Kate had very different ideas.

Life wasn’t about ‘settling’ for things. To her there was a world of possibilities out there. We could go anywhere, do anything, have everything, all we had to do was put our minds to it.

When my wife wasn’t trying to convince me that we could escape the ‘rat race’ – or at the very least change races – she was reading. I’d lay money that a copy of every self-help book published around the millennium somehow found it’s way onto my wife’s bookshelf, where it would wait in line to be digested, scribbled over, highlighted, deconstructed and eventually incorporated into ‘Kate’s big theory of everything’ – a kind of pseudo social-science technical manual as to how the world works, and the people in it.

During the two and a bit years of our marriage Kate became more than my wife, she was also my teacher.

And when she died in my arms I was heart-broken.

* * *

People rarely ask me how Kate died. It’s just not the sort of question they feel comfortable asking. Most assume she must have had cancer – that we’d have had some warning. We didn’t.

I’ve learnt since that sudden deaths like hers (a sub-arachnoid haemorrhage) are surprisingly common. Kate had a weak part in her brain, probably since birth. It could have happened at any moment. It was almost inevitable.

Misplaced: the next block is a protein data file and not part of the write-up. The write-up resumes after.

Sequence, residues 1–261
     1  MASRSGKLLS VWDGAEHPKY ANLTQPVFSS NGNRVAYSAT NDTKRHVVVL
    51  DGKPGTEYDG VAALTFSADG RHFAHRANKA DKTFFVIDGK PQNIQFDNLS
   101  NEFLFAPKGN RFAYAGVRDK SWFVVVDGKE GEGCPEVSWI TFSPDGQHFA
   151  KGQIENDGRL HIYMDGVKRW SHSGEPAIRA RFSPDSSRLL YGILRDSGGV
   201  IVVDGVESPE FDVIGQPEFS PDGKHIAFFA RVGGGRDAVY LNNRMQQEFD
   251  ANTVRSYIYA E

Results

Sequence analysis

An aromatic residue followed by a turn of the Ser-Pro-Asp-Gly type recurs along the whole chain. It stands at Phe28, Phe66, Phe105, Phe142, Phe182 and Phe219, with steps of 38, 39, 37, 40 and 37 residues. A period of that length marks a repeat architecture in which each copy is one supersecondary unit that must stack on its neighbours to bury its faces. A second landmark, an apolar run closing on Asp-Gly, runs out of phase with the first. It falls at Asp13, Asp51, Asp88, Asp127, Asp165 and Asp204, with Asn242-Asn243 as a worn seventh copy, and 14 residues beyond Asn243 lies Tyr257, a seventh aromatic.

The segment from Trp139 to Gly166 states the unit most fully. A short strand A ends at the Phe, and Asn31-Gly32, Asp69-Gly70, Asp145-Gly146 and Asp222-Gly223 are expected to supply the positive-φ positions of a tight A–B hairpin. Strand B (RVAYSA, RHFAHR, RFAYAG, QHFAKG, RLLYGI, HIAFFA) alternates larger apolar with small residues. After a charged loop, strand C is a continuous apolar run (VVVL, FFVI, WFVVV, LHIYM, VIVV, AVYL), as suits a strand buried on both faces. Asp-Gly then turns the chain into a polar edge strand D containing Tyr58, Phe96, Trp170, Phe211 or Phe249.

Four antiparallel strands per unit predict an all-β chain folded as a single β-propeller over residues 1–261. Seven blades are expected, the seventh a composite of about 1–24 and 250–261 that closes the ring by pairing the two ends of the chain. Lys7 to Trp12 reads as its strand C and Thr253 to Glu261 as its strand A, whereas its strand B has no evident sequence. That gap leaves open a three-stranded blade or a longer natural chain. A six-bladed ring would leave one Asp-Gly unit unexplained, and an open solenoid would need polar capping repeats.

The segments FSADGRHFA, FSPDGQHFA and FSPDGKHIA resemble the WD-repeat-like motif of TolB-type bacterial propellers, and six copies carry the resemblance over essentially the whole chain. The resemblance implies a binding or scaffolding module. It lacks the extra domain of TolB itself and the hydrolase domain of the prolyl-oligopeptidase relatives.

I learnt too that after the shock comes the guilt. Every cross word, every nasty thought, every lie – they all come back to haunt you. And amongst the demons that were queuing up to torment me was the realisation that I still wasn’t happy, and maybe I never had been.

There had been happy moments, of course. Quite a lot of moments. Most of them in the previous three years, and most of them down to Kate, but they were moments none the less. And I wanted to be happy all the time. Not just occasionally. Not just for a moment.

Something had to be done.

* * *

And so I decided to tackle the problem in the only way I knew how: by making lists, and coming up with a strategy.

One such idea was Boxing Day.

That first Christmas after Kate passed away my mother, concerned for my welfare during the festive season, asked if I’d like to spend Boxing Day with them. It was a generous offer but I decided to spend it just as we always had.

I got up late, I opened a bottle of champagne, I sat in bed and browsed my collection of gifts from the previous day. Then I took the Brie from the fridge, a box of posh crackers (the edible kind) and worked my way through the whole lot whilst I sat in front of the telly and watched “The Santa Clause”. A little later I emailed friends I’d been meaning to catch up with, and followed that with a walk down to Old Leigh. I looked out at the boats resting in the mud, and then I went home, wrote down some thoughts, and did some planning.

By the time I went to bed I felt like I’d had a week’s holiday, and all I’d done was get out of bed and see how the day unfolded. It was such a good day that I caught myself wishing that Boxing Day happened a little more frequently than once a year, at which point I had the following crazy thought: Why can’t it? What was to stop me replicating the same structure – or lack of structure – on any other day of the year?

Answer: nothing.

From that day on I decided to have a ‘Boxing Day’ once a month. Once a month I get up with absolutely no plans whatsoever and see how the day unfolds. And that was almost seven years ago.